How To Get A Free Copy Of Your Credit Report
If you're going to apply for a credit card, a mortgage, a loan or any other source of finance, one thing any potential lender will check is your credit report. This will tell them about any previous unpaid debts or legal judgments against you, and help them assess whether you are creditworthy or not.
There are three three nationwide consumer reporting companies in the US: Experian, Equifax and TransUnion. All keep different information about you, and all or any of them may be referred to by a potential lender.
If you are thinking of applying for credit, therefore - and especially if you have ever been turned down in the past - it is important to find out what these companies have on their records about you. And because all three companies are independent, you need to check on all of them.
The good news for consumers is that as from September 1, 2005, everyone in the US is entitled to a free copy of their credit report from each of the consumer reporting companies once a year.
To get free copies of your credit report, you should not apply to the three companies directly. There is only one website that is authorized to give out free credit reports, and this is at www.annualcreditreport.com. You can also get your free credit report via telephone by calling 877-322-8228.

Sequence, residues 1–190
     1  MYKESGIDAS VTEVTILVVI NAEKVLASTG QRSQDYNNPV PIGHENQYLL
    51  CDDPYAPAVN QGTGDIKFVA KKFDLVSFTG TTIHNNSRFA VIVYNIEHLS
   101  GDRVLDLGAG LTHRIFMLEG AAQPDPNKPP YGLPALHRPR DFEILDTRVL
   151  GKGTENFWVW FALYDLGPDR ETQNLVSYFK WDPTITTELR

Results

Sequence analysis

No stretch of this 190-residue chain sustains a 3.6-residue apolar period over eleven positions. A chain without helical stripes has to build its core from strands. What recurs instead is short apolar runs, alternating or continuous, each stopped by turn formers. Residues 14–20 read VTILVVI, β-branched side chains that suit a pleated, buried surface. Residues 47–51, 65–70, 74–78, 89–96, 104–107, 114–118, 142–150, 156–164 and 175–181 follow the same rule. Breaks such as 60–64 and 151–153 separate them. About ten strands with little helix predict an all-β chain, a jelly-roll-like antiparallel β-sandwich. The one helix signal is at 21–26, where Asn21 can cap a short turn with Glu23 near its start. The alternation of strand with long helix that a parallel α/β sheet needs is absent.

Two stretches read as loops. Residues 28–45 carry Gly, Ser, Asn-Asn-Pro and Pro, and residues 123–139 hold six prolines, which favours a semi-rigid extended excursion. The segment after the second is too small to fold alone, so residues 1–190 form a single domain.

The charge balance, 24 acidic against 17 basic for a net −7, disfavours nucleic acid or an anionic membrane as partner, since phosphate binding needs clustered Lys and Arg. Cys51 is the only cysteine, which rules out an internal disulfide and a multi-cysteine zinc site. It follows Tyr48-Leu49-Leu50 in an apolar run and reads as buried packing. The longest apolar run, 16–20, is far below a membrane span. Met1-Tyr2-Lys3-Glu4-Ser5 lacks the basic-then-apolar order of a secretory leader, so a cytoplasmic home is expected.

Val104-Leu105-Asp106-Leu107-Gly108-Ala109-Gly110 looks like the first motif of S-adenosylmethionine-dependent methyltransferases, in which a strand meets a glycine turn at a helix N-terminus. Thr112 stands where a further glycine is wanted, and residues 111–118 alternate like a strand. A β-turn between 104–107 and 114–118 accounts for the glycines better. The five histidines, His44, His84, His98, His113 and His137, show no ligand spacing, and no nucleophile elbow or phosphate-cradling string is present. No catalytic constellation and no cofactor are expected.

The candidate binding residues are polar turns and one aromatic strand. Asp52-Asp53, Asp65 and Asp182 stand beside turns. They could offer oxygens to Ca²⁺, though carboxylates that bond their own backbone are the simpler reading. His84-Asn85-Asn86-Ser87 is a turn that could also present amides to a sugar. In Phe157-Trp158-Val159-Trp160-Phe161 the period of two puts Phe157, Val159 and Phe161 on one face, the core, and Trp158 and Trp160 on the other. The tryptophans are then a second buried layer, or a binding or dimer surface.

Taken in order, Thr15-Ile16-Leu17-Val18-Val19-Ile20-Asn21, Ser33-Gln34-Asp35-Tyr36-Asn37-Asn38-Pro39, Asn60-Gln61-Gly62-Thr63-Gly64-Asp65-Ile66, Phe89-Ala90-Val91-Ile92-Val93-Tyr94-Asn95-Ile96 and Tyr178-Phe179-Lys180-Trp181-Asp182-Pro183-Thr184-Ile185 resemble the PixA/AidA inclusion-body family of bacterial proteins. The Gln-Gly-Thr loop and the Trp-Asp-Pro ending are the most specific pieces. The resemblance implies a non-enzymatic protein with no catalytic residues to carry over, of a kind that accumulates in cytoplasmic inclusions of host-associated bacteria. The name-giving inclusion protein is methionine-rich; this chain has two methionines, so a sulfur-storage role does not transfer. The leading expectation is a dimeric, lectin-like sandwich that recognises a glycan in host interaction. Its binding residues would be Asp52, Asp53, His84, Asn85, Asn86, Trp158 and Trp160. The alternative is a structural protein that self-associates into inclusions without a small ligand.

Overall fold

If you find a mistake on your credit report - for example, a debt that isn't yours or a disputed amount - you'll need to fill out the form that comes with the report, or follow the instructions on the explanatory sheet. Upon receipt of a challenge, a credit reporting agency must investigate the claim, usually within 30 days.
As long as a charge is in dispute, it will still show up on your report. Long-time lenders say it's common for reports to have errors. Some estimate that as many as 80 per cent of all credit reports contain some kind of misinformation. So it really is important to take advantage of this free opportunity to check your credit report, even if you're not currently planning any finance applications.
-->by: Nick Davis
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